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Dentons' GLOW named one of the top 10 LGBT+ network groups in the UK at the British LGBT Awards 2018
Dentons' UK LGBT+ network, GLOW, was named one of the country's top 10 LGBT+ Network Groups at the British LGBT Awards 2018.
Costs recovery in the SICC: A different regime
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Starting your career as a student at Dentons exposes you to a world of experience and opportunities
With 125+ locations in 50+ countries, Dentons is home to top-tier talent that is found at the intersection of geography, industry knowledge and substantive legal experience. Working with Dentons, you will have the opportunity to learn from the best lawyers in the industry at the largest law firm in the world.
14 Dentons Rodyk lawyers recognised in Asialaw Leading Lawyers 2018
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Since the European Commission announced its much vaunted Digital Single Market strategy in May 2015 to boost the EU's digital economy, it has had precious little to show, with major initiatives such as copyright reform and e-privacy stuck in debates over how best to achieve meaningful reform.
The signs are that things are about to change, especially if events of 25 May 2016 are anything to go by. On that date the Commission unveiled a major plan to boost e-commerce alongside a proposed update of EU regulation to create a “modern and fair legal environment” for all providers of audiovisual services. It also announced draft regulations dealing with geo-blocking in e-commerce (but which will not apply to audiovisual services), price transparency of parcel delivery services, and cooperation between national consumer protection authorities.
Completing the May 2016 package is a communication from the Commission on online platforms and the Digital Single Market, signalling that it will adopt a copyright package in autumn 2016 aimed at achieving a fairer allocation of value generated by the online distribution of copyright-protected content by online platforms.
For now, the most relevant aspect of the 25 May 2016 announcements for media companies is the much-anticipated Proposal to amend the existing Audiovisual Media Services Directive, which provides a common framework for the regulation of certain audiovisual media services across the EU, and is the focus of this update.
The current version of the Directive came into force on 20 May 2010. One of the principal aims of the Directive was to ensure that linear (i.e. scheduled, one-to-many) and on-demand services are subject to a comparable degree of regulation, albeit with a lighter touch regime for on-demand services. The degree to which the regulatory approach should differ is a debatable area in itself, particularly in view of the significant increase in on-demand services since the current Directive came into force.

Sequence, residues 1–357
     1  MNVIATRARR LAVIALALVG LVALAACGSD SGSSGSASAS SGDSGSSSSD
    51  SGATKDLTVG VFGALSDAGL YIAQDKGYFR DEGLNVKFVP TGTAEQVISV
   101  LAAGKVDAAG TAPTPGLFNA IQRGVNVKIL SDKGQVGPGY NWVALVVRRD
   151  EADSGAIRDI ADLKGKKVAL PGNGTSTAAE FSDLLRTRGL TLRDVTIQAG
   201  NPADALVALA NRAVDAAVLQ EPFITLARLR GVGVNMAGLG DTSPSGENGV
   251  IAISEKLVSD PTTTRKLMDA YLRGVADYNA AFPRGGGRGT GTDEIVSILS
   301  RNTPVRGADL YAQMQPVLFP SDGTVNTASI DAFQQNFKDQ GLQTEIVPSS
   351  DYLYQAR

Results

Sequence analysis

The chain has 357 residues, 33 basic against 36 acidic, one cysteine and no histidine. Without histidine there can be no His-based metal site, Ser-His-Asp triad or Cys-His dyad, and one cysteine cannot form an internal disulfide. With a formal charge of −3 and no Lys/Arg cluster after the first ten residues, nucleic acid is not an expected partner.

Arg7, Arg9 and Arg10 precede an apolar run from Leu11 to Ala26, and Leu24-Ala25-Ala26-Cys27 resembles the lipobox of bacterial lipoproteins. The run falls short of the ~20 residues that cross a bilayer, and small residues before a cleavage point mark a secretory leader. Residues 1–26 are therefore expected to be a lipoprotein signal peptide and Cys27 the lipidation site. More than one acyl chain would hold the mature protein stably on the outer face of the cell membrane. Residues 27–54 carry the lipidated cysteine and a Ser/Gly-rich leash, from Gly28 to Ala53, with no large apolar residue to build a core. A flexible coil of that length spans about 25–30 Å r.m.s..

More particularly, the Directive includes important provisions in areas such as product placement and the protection of minors. It also contains the important country of origin principle whereby audiovisual media services transmitted by a provider under the jurisdiction of a particular Member State only have to comply with the laws applicable to their services in that Member State (even if they transmit into others).
The latest Proposal follows the Commission's public consultation process launched on 6 July 2015, which asked how well the current framework works, what roles and responsibilities market players should have, and how best regulators can protect viewers, promote European works and regulate advertising in the audiovisual online world. It is also a central plank of its Digital Single Market strategy, which is designed to boost the EU's digital economy through better targeted regulation.
Convergence between traditional broadcast media and internet-based services (including video-on-demand and video-sharing platforms) means regulators must increasingly balance rules to ensure they remain relevant to the media landscape and how the public consumes information and entertainment. The differing and changing nature of audiovisual media services also means the Commission has stated it is not adopting a "one-size-fits-all" approach here, but instead intends to make rules to be flexible to allow for this.
The Proposal therefore seeks to achieve a number of outcomes.
With regards to concerns as to the gap between regulation of linear and on-demand, traditional TV broadcasters will likely be pleased with the prospect of more flexible advertising rules, potentially giving more freedom over scheduling of ads in prime time.
Given that Member States will remain free to apply higher levels of regulation to these advertising rules, it does remain to be seen whether the new Directive will change the approach of particular jurisdictions such as the United Kingdom, which currently provide for less extensive ad space.
On the other hand, on-demand will continue to be subject to lighter touch regulation, while video-sharing is newly regulated by the Directive but only in respect of viewer protection measures.
Once adopted by the European Commission, the Proposal is to be sent to the European Parliament and to the Council in order for it to be commonly agreed between them. Watch this space for further updates to the Proposal and other initiatives arising out of the Commission's Digital Single Market Strategy.
1 There is no change however to the recital in the existing Directive that it is a characteristic of on-demand audiovisual media services that they are 'television-like', i.e. that they are competing for the same audience as television broadcasts, and the nature and the means of access to the service would lead the user reasonably to expect regulatory protection within the scope of the Directive.
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